For the past two years Madison’s Race for the Cure has been plagued by bad weather. Last year, it started raining after the runners had started. In 2015, it was cold and windy, when rain was almost coming down sideways.
“We’re praying that this is the year we don’t have rain,” said Michelle Heitzinger, area director of Susan G. Komen Wisconsin, about Saturday’s event, which benefits the nonprofit breast cancer organization and is being held on a new weekend and in a new location.
The problem last year was that Madison experienced a solid week of rain leading up to the race, which led to fewer people registering, Heitzinger said.
“We’re a last-minute town,” she said. “Most people register within the last couple of weeks” and especially the day of the run. “A lot of it is weather-driven.”
The forecast for Saturday calls for a 60 percent chance of showers.
Almost 4,000 people ran or walked last year. This year, the numbers are trending lower, but organizers are hoping for between 3,400 and 3,500. Participants can choose between a 5k run, 5k walk and half-mile walk.
The race attracts more walkers than runners. It’s more of “a big meander for the cure,” Heitzinger quipped. “It really should be renamed.”
So far, about 175 runners have registered to be chip-timed for speed. Most of those who sign up walk as a work group or a family group, or they run it, but not for time.
The event includes a half-mile walk because there are women and families who want to walk, but the women are in various stages of cancer treatment. Some are just starting chemotherapy or coming off of chemo and need a shorter distance.
“Survivors” are one group, but there’s also a new category of “forever fighters” for women who are in advanced stages of breast cancer, Stage IV or metastatic cancer. These women don’t consider themselves “survivors” and don’t want to be categorized that way, because cancer will take their life, Heitzinger said. “We are very clear in our vernacular now.”
Race for the Cure manager Heather Sonley said so far they’ve registered 300 survivors and 25 forever fighters. These participants finish in their own chute and get a medal and a carnation.
Close to 70 percent of those registered are women, Sonley said.
Race for the Cure has always been the first weekend after Brat Fest, and Brat Fest is always on Memorial Day weekend. That means the race has been held as early as May 28 and as late as June 5.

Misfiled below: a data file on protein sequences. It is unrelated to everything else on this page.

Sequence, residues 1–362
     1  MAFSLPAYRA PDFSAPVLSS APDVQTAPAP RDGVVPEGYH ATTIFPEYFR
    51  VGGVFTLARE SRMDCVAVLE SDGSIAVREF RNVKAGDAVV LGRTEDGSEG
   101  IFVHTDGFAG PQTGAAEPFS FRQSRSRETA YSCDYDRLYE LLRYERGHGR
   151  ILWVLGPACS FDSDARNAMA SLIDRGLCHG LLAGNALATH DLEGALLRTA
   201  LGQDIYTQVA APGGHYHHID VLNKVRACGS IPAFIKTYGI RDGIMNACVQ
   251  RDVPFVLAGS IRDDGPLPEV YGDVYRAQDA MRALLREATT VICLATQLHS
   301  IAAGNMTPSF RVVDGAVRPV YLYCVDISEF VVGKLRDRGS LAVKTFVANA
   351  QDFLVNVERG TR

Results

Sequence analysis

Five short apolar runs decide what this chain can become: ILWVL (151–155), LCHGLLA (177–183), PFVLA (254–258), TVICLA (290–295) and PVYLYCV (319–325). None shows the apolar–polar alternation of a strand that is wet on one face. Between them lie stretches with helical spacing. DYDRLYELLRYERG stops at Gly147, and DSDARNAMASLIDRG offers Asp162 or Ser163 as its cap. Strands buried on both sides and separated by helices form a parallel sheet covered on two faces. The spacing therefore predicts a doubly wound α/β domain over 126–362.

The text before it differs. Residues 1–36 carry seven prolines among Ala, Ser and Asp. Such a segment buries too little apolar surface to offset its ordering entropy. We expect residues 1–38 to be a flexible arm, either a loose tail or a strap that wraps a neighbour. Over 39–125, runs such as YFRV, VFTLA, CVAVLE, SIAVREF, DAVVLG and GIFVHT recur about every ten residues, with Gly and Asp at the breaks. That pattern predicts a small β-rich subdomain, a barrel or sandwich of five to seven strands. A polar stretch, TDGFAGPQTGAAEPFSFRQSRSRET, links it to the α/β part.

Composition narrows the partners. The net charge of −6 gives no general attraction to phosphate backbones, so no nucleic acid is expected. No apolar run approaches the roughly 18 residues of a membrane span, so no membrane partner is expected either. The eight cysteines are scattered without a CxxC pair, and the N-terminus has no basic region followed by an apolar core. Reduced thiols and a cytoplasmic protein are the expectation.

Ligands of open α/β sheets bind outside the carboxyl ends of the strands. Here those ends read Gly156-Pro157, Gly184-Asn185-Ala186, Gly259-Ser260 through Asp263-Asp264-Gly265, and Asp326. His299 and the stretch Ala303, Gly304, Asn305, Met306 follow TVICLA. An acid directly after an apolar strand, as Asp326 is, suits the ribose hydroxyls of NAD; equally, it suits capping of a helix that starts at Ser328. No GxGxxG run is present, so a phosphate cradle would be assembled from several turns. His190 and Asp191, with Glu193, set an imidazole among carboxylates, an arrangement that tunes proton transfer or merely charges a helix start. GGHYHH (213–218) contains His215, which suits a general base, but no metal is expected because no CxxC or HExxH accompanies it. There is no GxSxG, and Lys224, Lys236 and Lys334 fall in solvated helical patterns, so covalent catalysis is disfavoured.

Organizers wanted to hold it on May 20 this year to tie it to the race’s 20th anniversary. They’ve also moved it from the Alliant Energy Center to the Agora Center in Fitchburg to lower the cost.
“That’s money that can be spent helping women access breast health care and breast cancer services,” Heitzinger said.
The biggest expense Komen is covering right now for women is rent, she said. “We’re covering rent for uninsured and medically-low resourced women to not only get her treatment, but keep a roof over her head while she’s going through it.”
Komen is big, but it is also local, Heitzinger said about the local Komen affiliates. “Seventy-five percent of what is raised here stays here, and has to help women at the curbside level.”
The organization also uses its funding to pay other bills for the low-income women it serves. That includes bus passes and cab fares for women to get to and from their medical appointments. They pay utility bills, child care and groceries.
The women provide a list of creditors and Komen writes the checks to take that added pressure off of them, Heitzinger said.
Jack Salzwedel, chairman, CEO and president of American Family Insurance is this year’s honorary race chair, and took on the role because his mother was diagnosed with breast cancer about 15 years ago.
He watched as she endured surgery and what he called “a significant treatment regimen.” It showed him how terrible this disease can be, not just on the person diagnosed, but also on family and friends.
“It changed my life, and my outlook on this disease,” Salzwedel said. “Seeing it in real life — the way my mom battled through it— affected my thought process about what breast cancer is.”
His experience made him think more about what needs to happen to combat breast cancer, and he’s interested in making sure patients get “state-of-the-art and cutting-edge” treatment.
Race for the Cure “is still the crown jewel” of Komen Wisconsin’s fundraising, but it has seen a decline, Heitzinger said. Last year’s event raised about $300,000, she said.
New this year will be “Ribbons of Hope,” at 8 a.m. at the starting line, Sonley said. Participants will take ribbons: Pink for survivors and forever fighters; white for anyone touched by breast cancer, and who has lent support; and silver for those who have died from breast cancer and are “walking alongside in spirit.”
Organizers will ask participants to fasten their ribbons to the Agora Pavilion, and later volunteers will tie the ribbons together to create a 20th anniversary Komen Race for the Cure “Garland of Hope.”
Sonley, who is training for IRONMAN Wisconsin 140.6 in September, pointed to all races in the area on Saturday: Aly’s Honky Tonk Hustle 5k in McFarland, Bristol Lutheran Habitat for Humanity 5k in Sun Prairie, Fox Trot 5k in Middleton, Word on the Street 5k in Verona, Furry Friends 5k in Jefferson, Fiesta 5k in Watertown, Mighty Keagen Foundation 5k in Reedsburg and Nurses Run-Walk-Roll 5k in Beaver Dam.
Stoughton’s Syttende Mai 20-mile run from Madison to Stoughton is also Saturday, along with a 10-mile run and a 17-mile walk.
“There’s incredible competition and everybody is doing good stuff,” Heitzinger said. “There are so many good causes in our community and we are so blessed to be part of it.”